Speaking of Crisis questions, can CBULR [we’ve since dropped the U – Brian] confirm Something I’ve always suspected? Was the Superboy of Earth-Prime created solely for the purpose of having him disappear at the end of Crisis on Infinite Earths, representing John Byrne’s retcon that Superman was never Superboy? I’m assuming since Marv Wolfman wrote both Crisis and (Adventures of) Superman, he knew about the upcoming plan to get rid of Superboy and wanted a send-off for the character .
This does not appear to be the case. When Barry Freiman interviewed Elliot S! Maggin about it in 2009, this is the answer he gave:
Q: You also created Superboy-Prime in DC Comics Presents #87. Did you know at the time you created the character what fate and Marv Wolfman had in store for him at the end of “Crisis”? It seemed he had been created so a Superboy could actually be seen going away – as if it were as a symbolic gesture that the Superman as a superkid concept was going into retirement. Was that the case?
A: Creating characters is like having kids. You teach them what you know and tell them to live their lives, but they’re always hostages to fortune. I’ve created a lot of characters that I’ve just left out there like a transcendent parent, and in most cases they’re just free radicals with whom nobody else knows what to do. Obviously – or maybe not so obviously – if I were still around the business of juggling with a shared fantasy universe, I would have taken some of my own characters, as well as those created by others, elsewhere. If Marv wanted a Superboy character to cast into oblivion, I’m glad I put one out there to whom to do it. But I certainly would have been a different sort of custodian for that universe if I hadn’t been drawn to another one.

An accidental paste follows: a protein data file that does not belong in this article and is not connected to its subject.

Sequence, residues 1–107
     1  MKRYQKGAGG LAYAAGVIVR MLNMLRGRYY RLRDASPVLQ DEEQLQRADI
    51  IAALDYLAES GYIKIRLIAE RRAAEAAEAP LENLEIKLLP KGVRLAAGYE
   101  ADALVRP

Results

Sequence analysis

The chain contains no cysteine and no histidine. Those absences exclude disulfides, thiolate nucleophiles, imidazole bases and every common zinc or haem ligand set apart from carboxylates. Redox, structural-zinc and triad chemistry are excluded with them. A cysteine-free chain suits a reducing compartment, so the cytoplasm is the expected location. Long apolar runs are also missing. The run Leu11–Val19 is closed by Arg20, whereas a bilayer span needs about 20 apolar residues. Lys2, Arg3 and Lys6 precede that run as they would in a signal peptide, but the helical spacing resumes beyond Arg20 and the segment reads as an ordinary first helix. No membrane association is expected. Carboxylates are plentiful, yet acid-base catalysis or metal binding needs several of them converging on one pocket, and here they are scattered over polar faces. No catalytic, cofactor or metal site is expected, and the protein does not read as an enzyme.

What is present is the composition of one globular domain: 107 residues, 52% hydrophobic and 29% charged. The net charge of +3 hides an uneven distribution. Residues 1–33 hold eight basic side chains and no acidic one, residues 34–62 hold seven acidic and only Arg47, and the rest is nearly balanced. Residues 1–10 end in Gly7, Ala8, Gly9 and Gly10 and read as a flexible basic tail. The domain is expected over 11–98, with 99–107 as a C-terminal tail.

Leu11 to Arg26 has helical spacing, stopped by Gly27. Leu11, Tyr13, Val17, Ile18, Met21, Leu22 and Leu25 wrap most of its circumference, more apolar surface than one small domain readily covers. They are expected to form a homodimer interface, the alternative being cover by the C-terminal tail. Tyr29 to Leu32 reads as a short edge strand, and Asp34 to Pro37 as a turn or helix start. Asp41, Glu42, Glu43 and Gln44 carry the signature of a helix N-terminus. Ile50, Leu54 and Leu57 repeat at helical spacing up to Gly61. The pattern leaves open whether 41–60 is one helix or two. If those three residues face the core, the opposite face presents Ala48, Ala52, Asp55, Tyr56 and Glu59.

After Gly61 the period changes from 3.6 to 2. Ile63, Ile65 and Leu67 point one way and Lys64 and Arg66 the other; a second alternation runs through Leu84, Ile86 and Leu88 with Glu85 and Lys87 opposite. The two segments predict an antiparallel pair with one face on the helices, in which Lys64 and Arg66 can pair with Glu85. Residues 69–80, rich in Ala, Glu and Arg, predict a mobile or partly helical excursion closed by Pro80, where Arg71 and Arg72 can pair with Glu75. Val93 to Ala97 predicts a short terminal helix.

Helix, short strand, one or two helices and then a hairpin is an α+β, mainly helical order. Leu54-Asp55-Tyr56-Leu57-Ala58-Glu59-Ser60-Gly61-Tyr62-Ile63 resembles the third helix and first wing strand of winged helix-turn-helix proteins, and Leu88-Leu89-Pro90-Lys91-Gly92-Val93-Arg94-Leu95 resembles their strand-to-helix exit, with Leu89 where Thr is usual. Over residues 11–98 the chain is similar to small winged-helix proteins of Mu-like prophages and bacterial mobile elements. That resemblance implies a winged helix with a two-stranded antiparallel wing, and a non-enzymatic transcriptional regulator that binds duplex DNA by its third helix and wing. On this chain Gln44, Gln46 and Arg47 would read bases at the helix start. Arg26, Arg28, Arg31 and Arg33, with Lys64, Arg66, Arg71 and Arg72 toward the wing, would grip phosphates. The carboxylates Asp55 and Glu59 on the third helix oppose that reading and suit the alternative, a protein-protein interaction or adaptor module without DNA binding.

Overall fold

Sure seems pretty clear that Maggin didn’t know WHAT was going to happen to his character once he created him. It might very well have been MAGGIN’s send-off to the character, but he was not designed for the role he ended up playing in “Crisis on Infinite Earths”.
Thanks to Barry and Elliot for the information! And thanks to CrisisBoy for his patience in getting this question answered. 😉
Okay, that’s it for this week!
Feel free (heck, I implore you!) to write in with your suggestions for future installments! My e-mail address is firstname.lastname@example.org. And my Twitter feed is http://twitter.com/brian_cronin, so you can ask me legends there, as well!
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See you all next week!